The evils of Open Science – ArcheoThoughts
ab1630's bookmarks 2018-05-17
"The ever-reliable Jon Tennant brings our attention this week to Philip Mirkowski’s recently published essay on the evils of Open Science (capitalized here for dramatic effect). At first, I found the paper baffling. The first baffling aspect is that it is a pay-walled paper about open science. To summarize his complaint: Open science equals neo-liberalism. I have never been accused until now of being a neo-liberal, and I must admit that my initial reaction was sub-optimal. But as I calmed down toward the end of the rather long text, I figured out that I actually agree with much of his critique, if one key assumption is given: that open science is driven, and has already largely been captured by, big business. That is a valuable warning.
Last week, I declared that the business model of traditional academic publishers is dead, but Mirkowski is quite right in warning us that they are working on a new one, and that we are again their target. They successfully hijacked our labour and monetized research already paid for by the public in their traditional model by inserting themselves as intermediaries in the academic process. They seek to do the same in the new world of the internet in which, by their own admission, they have been disintermediated. Their pattern is to capitalize on what we do, whatever it is. And there certainly are ways of capitalizing on what open science advocates want to do.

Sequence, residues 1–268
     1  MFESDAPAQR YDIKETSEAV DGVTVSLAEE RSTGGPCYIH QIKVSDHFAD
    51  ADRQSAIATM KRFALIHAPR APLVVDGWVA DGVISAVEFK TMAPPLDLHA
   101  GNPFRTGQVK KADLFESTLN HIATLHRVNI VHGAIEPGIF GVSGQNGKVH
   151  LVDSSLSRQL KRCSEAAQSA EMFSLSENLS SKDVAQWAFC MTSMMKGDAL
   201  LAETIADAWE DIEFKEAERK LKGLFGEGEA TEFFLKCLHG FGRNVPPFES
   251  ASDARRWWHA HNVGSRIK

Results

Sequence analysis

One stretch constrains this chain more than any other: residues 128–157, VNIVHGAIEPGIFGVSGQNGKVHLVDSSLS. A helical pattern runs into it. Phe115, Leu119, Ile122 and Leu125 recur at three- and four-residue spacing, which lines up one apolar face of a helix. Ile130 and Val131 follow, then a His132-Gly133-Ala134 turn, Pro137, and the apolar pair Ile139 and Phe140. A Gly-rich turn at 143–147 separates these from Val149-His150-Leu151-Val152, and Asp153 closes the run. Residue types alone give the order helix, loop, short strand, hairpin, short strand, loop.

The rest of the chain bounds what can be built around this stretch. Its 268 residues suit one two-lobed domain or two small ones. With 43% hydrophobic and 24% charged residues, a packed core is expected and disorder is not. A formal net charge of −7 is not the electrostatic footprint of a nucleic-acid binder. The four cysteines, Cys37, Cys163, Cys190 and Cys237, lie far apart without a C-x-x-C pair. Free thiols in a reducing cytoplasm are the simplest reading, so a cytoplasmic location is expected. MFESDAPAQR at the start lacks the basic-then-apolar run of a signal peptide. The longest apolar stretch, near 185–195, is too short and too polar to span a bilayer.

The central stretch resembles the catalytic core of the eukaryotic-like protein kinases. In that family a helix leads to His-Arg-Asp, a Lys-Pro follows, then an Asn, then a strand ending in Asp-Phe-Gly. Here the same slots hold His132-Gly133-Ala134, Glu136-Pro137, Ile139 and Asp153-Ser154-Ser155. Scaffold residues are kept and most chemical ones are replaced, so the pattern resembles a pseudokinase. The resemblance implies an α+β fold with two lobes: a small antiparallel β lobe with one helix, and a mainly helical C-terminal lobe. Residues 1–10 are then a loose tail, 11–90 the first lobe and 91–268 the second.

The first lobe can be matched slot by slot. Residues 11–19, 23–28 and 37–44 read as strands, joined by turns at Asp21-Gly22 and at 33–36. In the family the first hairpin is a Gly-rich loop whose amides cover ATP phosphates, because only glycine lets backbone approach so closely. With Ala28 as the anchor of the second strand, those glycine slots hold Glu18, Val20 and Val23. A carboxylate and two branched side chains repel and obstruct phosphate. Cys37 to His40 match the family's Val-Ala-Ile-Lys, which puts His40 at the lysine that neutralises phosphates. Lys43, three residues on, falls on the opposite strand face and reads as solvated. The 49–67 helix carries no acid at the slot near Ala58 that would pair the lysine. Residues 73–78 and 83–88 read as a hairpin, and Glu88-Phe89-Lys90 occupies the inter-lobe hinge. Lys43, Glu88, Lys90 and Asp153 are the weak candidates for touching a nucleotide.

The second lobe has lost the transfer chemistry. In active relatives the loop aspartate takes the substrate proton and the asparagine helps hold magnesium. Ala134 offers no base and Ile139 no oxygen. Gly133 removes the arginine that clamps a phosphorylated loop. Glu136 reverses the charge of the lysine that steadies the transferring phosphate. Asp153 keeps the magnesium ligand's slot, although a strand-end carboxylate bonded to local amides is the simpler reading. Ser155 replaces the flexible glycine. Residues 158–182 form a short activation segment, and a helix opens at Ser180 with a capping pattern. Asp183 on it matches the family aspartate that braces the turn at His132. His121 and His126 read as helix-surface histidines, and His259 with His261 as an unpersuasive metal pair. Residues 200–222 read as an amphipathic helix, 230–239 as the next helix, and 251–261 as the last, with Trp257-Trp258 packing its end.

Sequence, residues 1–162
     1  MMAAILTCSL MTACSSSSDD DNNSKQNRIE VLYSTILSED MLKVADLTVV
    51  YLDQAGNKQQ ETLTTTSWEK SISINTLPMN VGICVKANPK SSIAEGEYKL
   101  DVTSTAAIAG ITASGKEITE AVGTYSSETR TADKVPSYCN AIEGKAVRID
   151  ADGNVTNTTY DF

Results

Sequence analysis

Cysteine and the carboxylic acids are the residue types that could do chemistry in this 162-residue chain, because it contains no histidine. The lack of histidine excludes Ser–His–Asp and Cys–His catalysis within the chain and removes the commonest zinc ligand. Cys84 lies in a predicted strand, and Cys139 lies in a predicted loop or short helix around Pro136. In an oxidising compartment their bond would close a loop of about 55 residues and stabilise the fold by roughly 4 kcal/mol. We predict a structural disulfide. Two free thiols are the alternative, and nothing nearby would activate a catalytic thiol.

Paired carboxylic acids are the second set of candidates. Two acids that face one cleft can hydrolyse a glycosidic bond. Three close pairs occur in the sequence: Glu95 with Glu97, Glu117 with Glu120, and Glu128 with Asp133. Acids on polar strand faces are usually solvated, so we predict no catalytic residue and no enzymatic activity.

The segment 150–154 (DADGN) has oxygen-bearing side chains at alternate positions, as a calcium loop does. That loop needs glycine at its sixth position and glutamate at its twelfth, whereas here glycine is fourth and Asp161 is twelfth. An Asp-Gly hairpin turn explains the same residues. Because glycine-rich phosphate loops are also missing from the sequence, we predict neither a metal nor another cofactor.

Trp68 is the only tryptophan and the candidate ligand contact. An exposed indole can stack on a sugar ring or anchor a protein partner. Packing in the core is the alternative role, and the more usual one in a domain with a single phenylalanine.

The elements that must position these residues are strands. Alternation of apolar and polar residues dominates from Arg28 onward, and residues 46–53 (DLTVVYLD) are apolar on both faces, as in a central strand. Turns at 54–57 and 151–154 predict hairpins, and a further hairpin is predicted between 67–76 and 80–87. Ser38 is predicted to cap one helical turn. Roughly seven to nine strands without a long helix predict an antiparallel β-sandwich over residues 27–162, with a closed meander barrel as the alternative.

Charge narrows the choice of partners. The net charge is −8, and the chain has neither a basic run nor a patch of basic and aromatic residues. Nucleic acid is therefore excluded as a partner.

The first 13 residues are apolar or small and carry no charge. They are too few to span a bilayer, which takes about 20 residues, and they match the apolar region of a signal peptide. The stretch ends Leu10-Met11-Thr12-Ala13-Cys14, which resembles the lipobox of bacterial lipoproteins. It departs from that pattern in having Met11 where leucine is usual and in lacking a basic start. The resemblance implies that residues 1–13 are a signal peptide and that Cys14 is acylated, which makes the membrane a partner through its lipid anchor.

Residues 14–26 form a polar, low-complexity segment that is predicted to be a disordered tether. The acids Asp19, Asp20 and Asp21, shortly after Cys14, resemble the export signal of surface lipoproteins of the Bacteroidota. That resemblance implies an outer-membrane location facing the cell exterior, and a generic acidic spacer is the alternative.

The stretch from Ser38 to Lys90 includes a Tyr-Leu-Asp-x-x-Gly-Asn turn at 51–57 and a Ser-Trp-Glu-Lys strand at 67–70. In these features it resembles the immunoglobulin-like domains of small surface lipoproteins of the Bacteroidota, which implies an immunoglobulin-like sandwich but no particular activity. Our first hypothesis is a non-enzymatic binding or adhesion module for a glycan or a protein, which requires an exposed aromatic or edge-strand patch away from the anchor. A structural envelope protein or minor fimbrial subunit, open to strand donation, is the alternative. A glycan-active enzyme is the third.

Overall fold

Setting the stage
Mirkowski starts by listing what I see as some of the good things about the open science movement, but which he clearly considers are useless fads at best, and existential threats to academia at worst. “For some, [open science] denotes mere open access to existing scientific publications; for others, it portends a different format for future scientific publication; for yet others, it signifies the open provision of scientific data; for others, it is primarily about something like open peer review; and for still others, the clamor for openness purports to welcome the participation of non-scientists into the research process, under the rubric of citizen science”. It does other things that Mirkowski considers very bad, such as promote radical collaboration (to which I will return later)...."